On April 15, the state Board of Education approved an abbreviated program -- essentially an independent study under the supervision of UConn Professor Robert Villanova -- for Vallas to take instead.
Villanova testified that while the course called for classroom sessions, seminars and technology-assisted discussions, Vallas met with him twice for about four hours and submitted six papers. The technology-assisted discussions were telephone calls.
"Vallas and his witnesses were, at times, less than candid with the court, Pryor when questioned regarding Vallas' departure from New Orleans, Vallas when asked to review documents to refresh his recollection, and Villanova with regard to the flex extended to Vallas," the judge stated. "The court accepts Vallas' testimony that the work, although done over the course of 10 weeks while fulfilling his employment as acting superintendent, could have been completed in a week."
The judge was also critical of the state Board of Education's decision to validate the course Vallas took.
"The state Board of Education approved what they believed was a UConn-approved program with requirements of classes, seminars and technology-assisted discussions that simply did not take place," she stated.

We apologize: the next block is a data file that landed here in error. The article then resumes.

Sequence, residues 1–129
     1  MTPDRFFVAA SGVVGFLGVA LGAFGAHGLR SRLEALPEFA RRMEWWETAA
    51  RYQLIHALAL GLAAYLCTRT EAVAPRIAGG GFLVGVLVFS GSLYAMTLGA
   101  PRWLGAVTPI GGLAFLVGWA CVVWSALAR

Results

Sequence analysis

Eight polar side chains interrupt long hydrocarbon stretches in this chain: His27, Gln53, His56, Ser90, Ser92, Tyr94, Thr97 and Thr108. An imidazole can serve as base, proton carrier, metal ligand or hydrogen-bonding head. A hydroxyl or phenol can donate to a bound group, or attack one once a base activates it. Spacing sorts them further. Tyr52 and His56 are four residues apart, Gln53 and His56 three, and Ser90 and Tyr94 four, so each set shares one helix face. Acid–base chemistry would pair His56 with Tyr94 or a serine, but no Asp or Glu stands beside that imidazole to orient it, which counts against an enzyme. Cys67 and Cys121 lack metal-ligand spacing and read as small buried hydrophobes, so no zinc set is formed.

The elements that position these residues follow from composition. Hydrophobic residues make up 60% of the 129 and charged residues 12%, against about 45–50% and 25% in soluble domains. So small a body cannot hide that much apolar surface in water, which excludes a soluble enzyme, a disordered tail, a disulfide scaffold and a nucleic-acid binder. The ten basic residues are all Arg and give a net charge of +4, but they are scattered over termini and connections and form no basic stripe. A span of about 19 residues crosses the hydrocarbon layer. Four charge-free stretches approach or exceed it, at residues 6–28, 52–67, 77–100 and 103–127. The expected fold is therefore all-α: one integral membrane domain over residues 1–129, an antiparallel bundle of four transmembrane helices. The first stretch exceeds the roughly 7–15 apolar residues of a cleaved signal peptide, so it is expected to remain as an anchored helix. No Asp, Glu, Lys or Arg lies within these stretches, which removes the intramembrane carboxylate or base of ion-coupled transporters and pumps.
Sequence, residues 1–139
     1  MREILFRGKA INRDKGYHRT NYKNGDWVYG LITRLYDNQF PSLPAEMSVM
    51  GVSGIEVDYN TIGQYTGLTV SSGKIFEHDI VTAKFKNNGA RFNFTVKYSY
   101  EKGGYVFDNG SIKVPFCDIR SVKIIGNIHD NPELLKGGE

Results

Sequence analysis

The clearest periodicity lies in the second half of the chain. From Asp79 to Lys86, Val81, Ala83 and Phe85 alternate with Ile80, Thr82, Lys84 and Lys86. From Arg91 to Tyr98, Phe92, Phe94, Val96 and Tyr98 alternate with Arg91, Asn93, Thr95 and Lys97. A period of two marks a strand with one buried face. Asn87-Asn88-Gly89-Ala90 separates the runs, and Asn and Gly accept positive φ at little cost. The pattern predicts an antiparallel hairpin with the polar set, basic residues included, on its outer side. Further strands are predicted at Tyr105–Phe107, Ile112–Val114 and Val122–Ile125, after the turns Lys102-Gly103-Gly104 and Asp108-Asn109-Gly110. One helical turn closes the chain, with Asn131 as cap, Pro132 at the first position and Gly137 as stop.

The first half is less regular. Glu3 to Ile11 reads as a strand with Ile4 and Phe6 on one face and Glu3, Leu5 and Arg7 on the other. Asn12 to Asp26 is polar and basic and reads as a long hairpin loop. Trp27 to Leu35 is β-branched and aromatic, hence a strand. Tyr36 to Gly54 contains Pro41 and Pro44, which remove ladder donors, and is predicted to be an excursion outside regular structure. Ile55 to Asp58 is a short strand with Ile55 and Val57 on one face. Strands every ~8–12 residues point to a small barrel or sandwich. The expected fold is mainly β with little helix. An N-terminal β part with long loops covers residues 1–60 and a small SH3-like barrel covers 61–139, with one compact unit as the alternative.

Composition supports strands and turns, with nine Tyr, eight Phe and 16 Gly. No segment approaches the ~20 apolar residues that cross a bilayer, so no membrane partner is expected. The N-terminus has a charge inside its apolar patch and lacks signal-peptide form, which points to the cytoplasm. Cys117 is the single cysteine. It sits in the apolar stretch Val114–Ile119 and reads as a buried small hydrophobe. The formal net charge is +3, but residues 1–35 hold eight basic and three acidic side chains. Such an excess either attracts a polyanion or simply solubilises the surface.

"This ruling is unfortunate for the Bridgeport school system and its 20,000 students," said Maria Zambrano, executive director of Excel Bridgeport, which has been supportive of the changes Vallas installed in his short time here.
Unless the city challenges the ruling, which Zambrano would support, "I would want the mayor, the City Council and the Board of Education to do what they can to keep Vallas," she said.
In the meantime, Zambrano said there has to be a conversation with the community to determine what qualifications are needed to lead this troubled school district.
"Is it just a piece of paper ... or a track record of results for improving educational outcome of its students? I believe it to be the latter," she said.
The split on the board and the hostility (between the five Democrats and the four aligned with the Working Families Party) will make it difficult to attract a top-notch superintendent, Mulligan said.
In the meantime, he believes Moales, the board's president, needs to call an emergency meeting. He said it will cost $100,000 or more to put together a search committee to find a new superintendent.
Bobby Simmons, another board member often aligned with the Working Families group, said the judge's ruling is an important lesson for students that government can't circumvent the law.
"I would request that we conduct a special meeting once we have had the chance to read the judge's decision," Simmons said.
Staff writers Michael P. Mayko and Linda Conner Lambeck contributed to this report.
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Judge Barbara Bellis and Daniel Tepfer